A judge has postponed sentencing for a former Catholic priest convicted of abusing a young boy on trips to Maine in the 1980s.

Ronald Paquin, 76, was found guilty in November on 11 of 24 counts of gross sexual misconduct. A York County jury acquitted him of similar charges related to a second boy.
Paquin was one of the priests exposed in the early 2000s by a sweeping Boston Globe investigation into clergy sex abuse. He served more than a decade in prison in Massachusetts for repeatedly raping an altar boy between 1989 and 1992, beginning when the victim was 12.

His sentencing in the latest case was scheduled for Tuesday. But his defense lawyers filed a motion last week to request a mental evaluation for Paquin.

“Based upon recent correspondence from Mr. Paquin suggesting a limited understanding of – or confusion about – the process in which he finds himself, Counsel is hereby raising the issue of competency and seeking an evaluation by the State Forensic Service,” attorney Valerie Randall wrote in her Feb. 25 motion.

Superior Court Justice Wayne Douglas granted that request on Feb. 26. The sentencing has been delayed, and the next event scheduled in the case is a status conference with the judge later this month. Randall said an exam had not been scheduled as of Friday, but it must take place within 21 days of the court order because Paquin is incarcerated.

He is currently being held at the Cumberland County Jail.

The delay outraged Keith Townsend, who has publicly identified himself as the victim in this case. He said he was writing a statement to read at the sentencing and called the York County District Attorney’s Office with a question the same day the motion was filed. They told him then that the sentencing had been postponed.

“Where’s my rights?” Townsend said in a phone interview. “It seems to me this guy has had the right to due process and then some. This has taken its toll on me. I just feel like I’m being victimized again.”

Townsend is now 44 and lives in Seabrook, New Hampshire. He testified in sometimes graphic detail at the trial about the abuse that began when he was as young as 8 or 9.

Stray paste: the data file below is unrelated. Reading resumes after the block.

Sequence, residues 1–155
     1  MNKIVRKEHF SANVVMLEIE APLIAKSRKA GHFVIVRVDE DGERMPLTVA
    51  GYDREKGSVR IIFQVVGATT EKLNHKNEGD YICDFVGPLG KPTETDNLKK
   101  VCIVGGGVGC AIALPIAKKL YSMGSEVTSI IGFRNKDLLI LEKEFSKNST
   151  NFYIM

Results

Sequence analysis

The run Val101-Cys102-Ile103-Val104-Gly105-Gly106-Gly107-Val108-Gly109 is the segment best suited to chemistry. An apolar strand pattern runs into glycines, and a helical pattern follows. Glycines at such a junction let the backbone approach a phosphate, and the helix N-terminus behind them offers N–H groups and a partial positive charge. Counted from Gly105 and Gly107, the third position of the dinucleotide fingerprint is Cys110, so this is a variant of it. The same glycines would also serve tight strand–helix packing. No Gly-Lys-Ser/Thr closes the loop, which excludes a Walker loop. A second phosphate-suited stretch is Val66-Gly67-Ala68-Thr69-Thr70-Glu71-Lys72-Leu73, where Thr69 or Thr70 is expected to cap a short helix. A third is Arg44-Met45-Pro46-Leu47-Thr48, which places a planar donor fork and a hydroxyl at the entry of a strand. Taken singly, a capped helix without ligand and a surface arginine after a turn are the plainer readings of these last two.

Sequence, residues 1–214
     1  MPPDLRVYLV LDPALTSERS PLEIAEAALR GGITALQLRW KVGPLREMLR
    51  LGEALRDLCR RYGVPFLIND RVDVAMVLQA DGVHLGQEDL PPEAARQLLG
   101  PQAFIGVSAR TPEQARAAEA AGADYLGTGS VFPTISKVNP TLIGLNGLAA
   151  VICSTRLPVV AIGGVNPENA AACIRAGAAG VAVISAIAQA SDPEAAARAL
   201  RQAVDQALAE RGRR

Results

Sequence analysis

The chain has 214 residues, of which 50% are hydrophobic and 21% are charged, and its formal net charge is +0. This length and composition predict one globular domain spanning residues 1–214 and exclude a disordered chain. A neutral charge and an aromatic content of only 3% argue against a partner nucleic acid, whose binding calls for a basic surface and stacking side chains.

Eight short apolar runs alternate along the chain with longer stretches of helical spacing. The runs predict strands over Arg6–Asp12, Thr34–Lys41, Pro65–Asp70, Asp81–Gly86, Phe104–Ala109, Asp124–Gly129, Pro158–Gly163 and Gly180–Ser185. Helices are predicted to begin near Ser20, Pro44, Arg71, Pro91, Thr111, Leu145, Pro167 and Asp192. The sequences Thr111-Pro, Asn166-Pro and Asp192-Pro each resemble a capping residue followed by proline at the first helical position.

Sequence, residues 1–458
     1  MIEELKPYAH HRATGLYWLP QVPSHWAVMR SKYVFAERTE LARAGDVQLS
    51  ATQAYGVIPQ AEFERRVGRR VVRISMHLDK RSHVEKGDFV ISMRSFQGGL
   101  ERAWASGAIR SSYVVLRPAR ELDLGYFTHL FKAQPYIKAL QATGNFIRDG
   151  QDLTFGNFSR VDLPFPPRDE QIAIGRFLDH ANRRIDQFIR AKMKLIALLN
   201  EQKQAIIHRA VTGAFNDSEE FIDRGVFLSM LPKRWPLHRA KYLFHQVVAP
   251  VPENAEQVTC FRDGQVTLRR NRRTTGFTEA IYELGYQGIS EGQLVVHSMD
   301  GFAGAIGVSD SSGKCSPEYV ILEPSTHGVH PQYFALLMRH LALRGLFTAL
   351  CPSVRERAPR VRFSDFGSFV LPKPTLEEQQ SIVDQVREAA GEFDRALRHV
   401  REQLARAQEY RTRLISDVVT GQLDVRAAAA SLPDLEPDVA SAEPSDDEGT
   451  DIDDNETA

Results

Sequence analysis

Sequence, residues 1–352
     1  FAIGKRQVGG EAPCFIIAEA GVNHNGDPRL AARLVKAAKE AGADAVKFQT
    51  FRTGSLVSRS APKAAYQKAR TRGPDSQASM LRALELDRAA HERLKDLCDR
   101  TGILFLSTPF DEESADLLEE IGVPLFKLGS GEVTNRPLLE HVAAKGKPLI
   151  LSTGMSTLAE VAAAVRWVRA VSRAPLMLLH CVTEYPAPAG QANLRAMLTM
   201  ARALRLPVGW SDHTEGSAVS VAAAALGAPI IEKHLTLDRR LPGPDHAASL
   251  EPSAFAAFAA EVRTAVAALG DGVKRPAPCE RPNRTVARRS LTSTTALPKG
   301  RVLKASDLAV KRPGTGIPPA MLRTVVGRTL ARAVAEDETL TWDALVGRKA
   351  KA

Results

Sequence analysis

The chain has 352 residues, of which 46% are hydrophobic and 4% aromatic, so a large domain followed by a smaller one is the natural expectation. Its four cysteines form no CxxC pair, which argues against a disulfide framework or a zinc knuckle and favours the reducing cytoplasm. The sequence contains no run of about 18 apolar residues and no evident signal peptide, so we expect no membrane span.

He said other victims of clergy sex abuse have been watching this case, and he worried about how they would react to yet another delay.

“People have to believe that the criminal justice system is all we have left,” Townsend said. “We don’t have God because he stripped us all of that.”

York County Assistant District Attorney Justina McGettigan declined to comment on the reason for the delay in sentencing.

“We want to make sure that this matter is fully investigated, so that when the sentence is imposed, it is a just and fair sentence,” McGettigan said.

She said she can understand Townsend’s frustration.

“I can totally understand why he feels frustrated with the delays,” she said. “He’s waited a long time for this, to face Mr. Paquin, and we have kept him updated, but it is perfectly reasonable for him to feel like it’s time for sentencing.”

Randall said defense attorneys have an obligation to raise concerns about competency at any stage in a case.

“We want to make sure at every step at this trial, Mr. Paquin is being treated fairly, and he is able to participate,” Randall said. “That is our legal obligation, our ethical obligation, to do that as defense attorneys. We have to do what we have to do.”

Court documents show Paquin’s attorneys also filed a motion for a new trial shortly after his conviction. Before jury selection, they had asked the judge to exclude all mention of Catholicism or priests from the trial, saying it would be unfairly prejudicial because of the church’s broader sex abuse scandal. The judge denied that request, and the parties spent hours during jury selection weeding out people with bias against the Catholic Church. The motion for a new trial raised that issue again, but the judge again denied it.

Paquin pleaded guilty in 2002 in Massachusetts to raping an altar boy between 1989 and 1992, beginning when the victim was 12. He was defrocked in 2004 and imprisoned until 2015, when specialists said he no longer met the criteria to be considered sexually dangerous.

Less than two years later, he was indicted on 29 counts of gross sexual misconduct in York County. Prosecutors later added two more counts, bringing the total to 31. Seven were then dismissed during the trial. Paquin was believed to be living in a Boston homeless shelter when he was arrested in February 2017.

The Globe reported that Paquin admitted to medical evaluators that he abused at least 14 boys and said he also was abused as a child. Other allegations against him have prompted civil settlements, but no other criminal convictions.

In Maine, charges against Paquin and one other Catholic priest have been possible because the statute of limitations for such crimes against a child younger than 16 was eliminated in 1999 – as long as the limited period had not already expired.

In September, former Maine priest and Cheverus High School teacher James Talbot pleaded guilty in Cumberland County Superior Court to sexually assaulting a Freeport boy in the 1990s. Talbot, 81, was ordered to serve three years in prison.

The full sentence on a charge of gross sexual assault was for 10 years, with all but three years suspended. Talbot also received a concurrent sentence of three years for unlawful sexual contact. He also had been convicted once before in Massachusetts and served six years in prison.

 

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